2014 Cough, Cold, and Flu: Shopper Attitudes and Retail Opportunities

Soon, shopping carts full of tissues, orange juice, and, of course, “clear liquids” will be spotted wheeling up and down store aisles. As temperatures fall, sales of cough, cold, and flu treatments will rise—along with other merchandise intended to soothe, ward off, or eliminate various symptoms.

Although the 2013-14 flu season was described as comparatively mild, sales of cold/allergy medications, nasal products, and other health-and-wellness merchandise improved over the previous year. Combined sales of the products in the table below amounted to $7.7 billion last year.

Product Category

Growth over 2012-13

Cough drops

10.2%

Cold/allergy liquids

10%

Humidifiers

9.3%

Chest rubs

8.4%

Hand sanitizer

7.8%

Cough syrup

6.2%

Cold/allergy tablets

4.5%

Nasal products

2%

Source: Drug Store News, 3/17/2014

 

As part of our Fall Consumer Lifestyle Study, Field Agent recently surveyed 250 shoppers about their health-related plans, attitudes, and buying intentions. We gained some interesting insights from our agents. For instance, over half of the sample is already anticipating buying cough drops (70%), cold treatments (57%), and vitamins (55%) to keep themselves and their families healthy this year.

 

For Their Health: What customers expect to buy in 2014 [GRAPH]

 

We decided to move beyond simple buying intentions to actually address shoppers’ attitudes about their 2014 physical well-being. More specifically, we asked consumers whether they would be more protective of their personal health this year. In all, 45% of shoppers said they would take better care of themselves in 2014, while 54% said their attitude would remain largely unchanged from the previous flu season.

 

Will consumers be more protective of their health in 2014? [CHART]

 

We took our analysis to yet another level. Those who indicated they would be more protective of their health (n=112) were asked that all-important question: Why?

Here are some of their free form responses:

  • Because as I'm getting older it's a lot easier to gain weight...I learned that last year. (22-year-old female, Oklahoma)
  • I want to ensure I don’t miss any days of work. (38-year-old mother, Ohio)
  • My wife and I are trying to make a conscious effort to be healthier for our kids. (32-year-old father, North Carolina)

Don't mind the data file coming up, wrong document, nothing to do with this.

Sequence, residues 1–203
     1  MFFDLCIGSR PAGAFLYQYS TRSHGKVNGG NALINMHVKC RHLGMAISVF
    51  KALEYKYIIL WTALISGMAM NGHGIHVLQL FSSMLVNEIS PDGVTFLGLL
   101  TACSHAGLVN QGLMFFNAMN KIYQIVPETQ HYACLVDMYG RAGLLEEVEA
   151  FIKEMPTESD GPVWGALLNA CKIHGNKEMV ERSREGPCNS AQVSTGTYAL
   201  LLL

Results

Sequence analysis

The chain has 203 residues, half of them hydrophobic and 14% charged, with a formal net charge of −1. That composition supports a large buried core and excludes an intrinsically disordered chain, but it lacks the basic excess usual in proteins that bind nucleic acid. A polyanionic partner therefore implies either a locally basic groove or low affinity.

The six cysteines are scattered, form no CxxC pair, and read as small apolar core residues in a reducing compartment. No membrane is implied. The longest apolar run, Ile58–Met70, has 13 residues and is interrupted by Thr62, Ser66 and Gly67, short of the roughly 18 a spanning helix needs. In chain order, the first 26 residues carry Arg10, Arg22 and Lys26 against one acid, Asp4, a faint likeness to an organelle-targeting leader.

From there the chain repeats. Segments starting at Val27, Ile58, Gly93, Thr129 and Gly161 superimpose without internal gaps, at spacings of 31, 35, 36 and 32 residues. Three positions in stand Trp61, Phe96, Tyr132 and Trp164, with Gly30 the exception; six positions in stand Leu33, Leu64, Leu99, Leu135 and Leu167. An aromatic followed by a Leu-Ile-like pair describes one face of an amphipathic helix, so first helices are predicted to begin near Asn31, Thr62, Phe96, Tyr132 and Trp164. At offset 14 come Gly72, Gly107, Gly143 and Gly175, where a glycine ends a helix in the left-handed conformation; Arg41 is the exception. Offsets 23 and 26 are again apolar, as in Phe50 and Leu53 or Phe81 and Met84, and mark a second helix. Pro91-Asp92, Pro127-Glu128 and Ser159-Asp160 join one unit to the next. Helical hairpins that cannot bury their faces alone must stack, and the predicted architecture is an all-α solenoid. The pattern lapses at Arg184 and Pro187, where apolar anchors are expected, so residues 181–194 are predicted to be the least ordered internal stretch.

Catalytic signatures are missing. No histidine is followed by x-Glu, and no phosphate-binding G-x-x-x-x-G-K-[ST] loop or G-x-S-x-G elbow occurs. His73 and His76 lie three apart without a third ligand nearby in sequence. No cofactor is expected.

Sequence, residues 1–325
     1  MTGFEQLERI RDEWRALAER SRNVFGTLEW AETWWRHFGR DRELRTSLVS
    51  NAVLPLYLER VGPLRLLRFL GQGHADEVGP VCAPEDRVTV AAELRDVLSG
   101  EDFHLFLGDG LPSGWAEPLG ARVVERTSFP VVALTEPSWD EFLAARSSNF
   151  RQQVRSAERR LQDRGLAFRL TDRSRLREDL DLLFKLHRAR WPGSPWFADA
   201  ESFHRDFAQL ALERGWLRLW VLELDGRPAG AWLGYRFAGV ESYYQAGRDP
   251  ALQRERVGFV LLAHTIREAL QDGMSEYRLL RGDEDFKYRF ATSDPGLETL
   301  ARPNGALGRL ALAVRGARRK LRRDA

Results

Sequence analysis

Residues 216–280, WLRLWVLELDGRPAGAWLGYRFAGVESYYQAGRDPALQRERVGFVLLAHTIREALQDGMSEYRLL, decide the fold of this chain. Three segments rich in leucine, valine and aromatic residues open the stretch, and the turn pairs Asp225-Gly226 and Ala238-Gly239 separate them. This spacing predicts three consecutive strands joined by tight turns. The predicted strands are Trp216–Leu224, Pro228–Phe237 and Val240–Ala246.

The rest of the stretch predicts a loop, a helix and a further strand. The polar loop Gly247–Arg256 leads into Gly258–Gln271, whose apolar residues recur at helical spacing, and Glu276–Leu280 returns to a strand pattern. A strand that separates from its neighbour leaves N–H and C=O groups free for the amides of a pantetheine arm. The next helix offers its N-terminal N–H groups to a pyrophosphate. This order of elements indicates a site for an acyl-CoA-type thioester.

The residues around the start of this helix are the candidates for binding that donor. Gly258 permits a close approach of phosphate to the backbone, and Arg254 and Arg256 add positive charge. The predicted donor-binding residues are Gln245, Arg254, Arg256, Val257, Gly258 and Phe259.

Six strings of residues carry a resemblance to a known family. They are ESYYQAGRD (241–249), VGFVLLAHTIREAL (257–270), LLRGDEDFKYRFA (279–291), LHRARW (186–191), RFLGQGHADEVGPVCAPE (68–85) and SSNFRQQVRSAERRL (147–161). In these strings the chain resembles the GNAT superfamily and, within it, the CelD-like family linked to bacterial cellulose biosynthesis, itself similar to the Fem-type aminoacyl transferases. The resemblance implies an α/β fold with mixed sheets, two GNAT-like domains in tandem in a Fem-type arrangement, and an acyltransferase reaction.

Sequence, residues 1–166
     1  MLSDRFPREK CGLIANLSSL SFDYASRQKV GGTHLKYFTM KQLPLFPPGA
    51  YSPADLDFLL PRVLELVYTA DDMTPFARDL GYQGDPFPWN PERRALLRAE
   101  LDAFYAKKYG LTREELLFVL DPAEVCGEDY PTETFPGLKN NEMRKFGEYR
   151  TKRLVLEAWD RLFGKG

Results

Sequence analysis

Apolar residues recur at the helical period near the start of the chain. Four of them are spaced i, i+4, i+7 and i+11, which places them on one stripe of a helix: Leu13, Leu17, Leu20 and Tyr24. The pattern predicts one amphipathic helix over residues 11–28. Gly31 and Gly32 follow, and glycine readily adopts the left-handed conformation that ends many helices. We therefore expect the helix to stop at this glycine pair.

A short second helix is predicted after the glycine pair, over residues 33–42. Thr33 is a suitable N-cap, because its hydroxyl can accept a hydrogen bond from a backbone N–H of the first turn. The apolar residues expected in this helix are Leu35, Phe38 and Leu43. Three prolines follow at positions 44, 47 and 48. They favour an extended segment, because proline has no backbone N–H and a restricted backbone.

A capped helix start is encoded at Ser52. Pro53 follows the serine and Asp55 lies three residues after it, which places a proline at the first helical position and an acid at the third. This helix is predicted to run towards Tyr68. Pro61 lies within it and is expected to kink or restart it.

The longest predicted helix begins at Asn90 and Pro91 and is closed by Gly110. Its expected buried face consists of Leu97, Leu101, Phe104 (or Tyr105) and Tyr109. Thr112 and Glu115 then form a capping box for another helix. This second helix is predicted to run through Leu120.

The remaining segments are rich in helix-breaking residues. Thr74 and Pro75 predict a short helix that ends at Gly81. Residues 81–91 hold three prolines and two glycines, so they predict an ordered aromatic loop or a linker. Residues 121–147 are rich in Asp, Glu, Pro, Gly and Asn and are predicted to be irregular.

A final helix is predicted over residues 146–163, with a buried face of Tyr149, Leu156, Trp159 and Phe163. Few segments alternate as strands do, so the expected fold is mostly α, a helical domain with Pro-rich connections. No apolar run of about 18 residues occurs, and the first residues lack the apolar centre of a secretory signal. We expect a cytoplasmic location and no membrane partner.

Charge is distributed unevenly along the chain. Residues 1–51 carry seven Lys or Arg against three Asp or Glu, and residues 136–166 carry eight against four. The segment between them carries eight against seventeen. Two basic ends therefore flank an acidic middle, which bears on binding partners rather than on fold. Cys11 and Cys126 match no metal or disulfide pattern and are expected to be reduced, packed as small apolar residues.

• [I] want to be healthy and feel good about myself. (34-year-old female, Arizona)
  • I do not usually get the flu shot. This year I will because I got pretty sick last year. (52-year-old female, Arkansas)

Ultimately, as presented below, consumers’ responses collected around nine distinct themes. Some motivations might appear more obvious than others, such as wanting to avoid the misery of sickness (21%). But our analysis also uncovered less predictable reasons why some shoppers are making the choice for better health in 2014. For example, 9% cited family members—or soon-to-be family members—as the primary reason for their heightened commitment, while 6% indicated they could not afford to be less productive, in the home or workplace, as a result of cold, flu, or other sickness.

 

Be it resolved: Why some consumers choose better health in 2014 [GRAPH]

 

According to the Wall Street Journal, cough, cold, and flu season has become a “big moneymaker” for companies across a broad spectrum of product categories. And with the stakes seemingly higher ever year, managers are carefully monitoring cold and flu trends to spot lucrative but time-sensitive market opportunities. Case-in-point: In 2012, Clorox nimbly distributed 30,000 extra cases of disinfecting wipes to six states hit hard by the flu, capitalizing on a quickly fleeting opportunity. As the WSJ reported,

“Show up too early, and people don't feel the impulse to buy. Show up too late, and sufferers will have already loaded up on rivals' offerings.”

In short, for retailers and brands, timing is everything during cold and flu season.

And while responsive distribution and well-timed promotions are certainly important, retailers and brands should also be concerned about their in-store performance: accurate pricing, properly placed and stocked displays, correct signage, and the like. After all, the real moment of truth occurs when that sniffling, sneezing, red-nosed customer wheels her cart up to your display or down your aisle.

Will all the pieces be in place to serve this customer and gain a sale? Take the guesswork out of your fall-time in-store execution. Let mobile research be your eyes and ears at retail—so you can take advantage of short-lived opportunities this cough, cold, and flu season.

 

Did you miss our previous research articles? Check them out here: